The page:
What is seagrass?
If you have never heard of them, you are probably not alone. Seagrasses are flowering plants living in shallow waters along the coastline. Their bright green leaves form large, dense meadows under the sea. Among the 60-odd species, there are two species in the UK – dwarf eelgrass and eelgrass.
It seems curious that although seagrass has impressive credentials, its profile is so low. Even Richard Lilley (RJ), co-founder and CEO of Project Seagrass (see podcast episode here), had not heard of it, despite working previously as a biology teacher and dive instructor. His introduction to them came in Stockholm when returning to academia and studied habitats, including coral reefs and seagrass. If you share an interest in nature, you are likely to know coral reefs are in jeopardy, with bleaching incidents reported; not the case for seagrass. It may, in part, be due to it being less colourful and charismatic than coral reefs; however, pictures of it will tell you it’s pretty magical. Project Seagrass came about as RJ and his fellow academics at Swansea University recognised the need to communicate the importance of seagrass and support conservation/restoration projects.
Since the late 19th century, estimated losses are 20% of seagrass areas worldwide. Losses continue at a rate of 1-2% each year. Reasons for the loss will vary depending on location, but causal agents include:
- Pollution from sewage and livestock waste – is the major contributor to loss in the UK. For example, sewage treatment facilities are ineffective, which means heavy rain results in sewage entering rivers and other waterways.
- Use of bottom-touching gear in fishing.
- Coastal development.
- The invasion of non-native species.
Why are they important?
The sheer variety of species within nature is impressive, and each species presents us with new opportunities to look at the world.
What I mean by this, if we pay closer attention to our environment, we can appreciate what we see (hear/feel) for its very presence in the world. Everything has a right to its place in the world. In addition to appreciating it for itself, it provides ecosystem services/nature-based solutions. These are:
- Biodiversity – seagrasses are a safe habitat and food source for 1000’s of marine species, including seahorses, sea turtles and shellfish.
- Food security – they supply 20% of the world’s fisheries, ensuring 3 billion people gain vital nutrition.
- Carbon sequestration – some species are super impressive at absorbing carbon from the water; although they only occupy 0.1% of the seafloor, they are responsible for 11% of carbon buried in the ocean. They capture carbon at a greater rate than tropical forests and are consequently helpful in mitigating climate change.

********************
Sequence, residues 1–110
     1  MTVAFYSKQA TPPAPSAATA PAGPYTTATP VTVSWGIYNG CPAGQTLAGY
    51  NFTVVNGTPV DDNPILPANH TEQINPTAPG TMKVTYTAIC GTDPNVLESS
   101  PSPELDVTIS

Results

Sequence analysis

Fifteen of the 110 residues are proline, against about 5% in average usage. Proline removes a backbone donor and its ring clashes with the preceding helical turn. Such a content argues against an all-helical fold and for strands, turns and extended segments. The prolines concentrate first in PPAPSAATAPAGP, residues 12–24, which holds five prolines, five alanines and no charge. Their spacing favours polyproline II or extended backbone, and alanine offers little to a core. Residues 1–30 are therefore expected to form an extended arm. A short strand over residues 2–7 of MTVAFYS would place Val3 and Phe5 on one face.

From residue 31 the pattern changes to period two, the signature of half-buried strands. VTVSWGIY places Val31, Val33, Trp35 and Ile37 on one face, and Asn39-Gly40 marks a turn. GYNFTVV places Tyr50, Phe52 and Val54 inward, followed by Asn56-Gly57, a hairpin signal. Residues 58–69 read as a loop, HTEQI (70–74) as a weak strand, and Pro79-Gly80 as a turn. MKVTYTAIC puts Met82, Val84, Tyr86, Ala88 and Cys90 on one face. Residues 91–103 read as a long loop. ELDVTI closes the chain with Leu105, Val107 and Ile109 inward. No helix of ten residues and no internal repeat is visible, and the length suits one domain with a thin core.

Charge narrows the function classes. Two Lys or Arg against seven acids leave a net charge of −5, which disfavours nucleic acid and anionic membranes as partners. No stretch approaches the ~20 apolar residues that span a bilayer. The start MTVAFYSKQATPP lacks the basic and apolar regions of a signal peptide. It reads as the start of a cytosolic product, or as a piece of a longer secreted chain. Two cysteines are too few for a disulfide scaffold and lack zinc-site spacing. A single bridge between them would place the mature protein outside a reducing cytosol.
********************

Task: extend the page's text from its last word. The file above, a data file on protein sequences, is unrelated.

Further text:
- Keep oceans healthy – produce oxygen, stabilise sediment and clean seawater by filtering out pathogens, bacteria and pollution.
Communicating what seagrass is and why it’s essential will connect people (community groups and organisations) to seagrass and enable it to be better protected and instigate policy change. It is easier to gain public participation in terrestrial wildlife conservation; however, seagrass meadows are accessible as they grow in the inter-tidal area of seas; 7-9m deep, in sheltered, coastal environments. If you go wild swimming or paddleboarding, you might even spot them. Getting involved in seagrass restoration can be a first step for people to engage in marine life.
What does seagrass restoration look like?
Project Seagrass has completed ten projects in 14 countries (including the Philippines, Indonesia, Thailand, Malaysia and East Timor) involving 1000’s volunteers. The research projects aim to conduct robust scientific studies, and action projects focus on monitoring and restoration.
In some locations where seed bank exists, removing the environmental pressure, such as pollution prevention, will be sufficient for a natural rebound. In areas where seagrass has become extinct, seeds are re-planted until the point at which nature can resume without help. Here, seeds are collected, prepared and planted.
Restoration projects have their challenges. For example, planting them requires a biodegradable bag containing sand and seeds. If the sand comes from a different location to planting, a marine licence is required. This licence is intended for the construction industry but becomes a bureaucratic obstacle for seagrass restoration.
Prevention rather than cure
It seems to me that nations often react to environmental issues and treat the symptoms rather than being brave and investing in the prevention of the problem. For instance, stopping pollution is a common-sense approach and the Surfers Against Sewage organisation is campaigning on this issue. Although expensive, it will be cheaper than restoring the many species lost from pollution.
However, there is hope with continued progress from Project Seagrass and other global contributors. RJ is striving towards no net loss by 2030, achieved by improving water quality and seagrass, and be globally net-positive by 2050.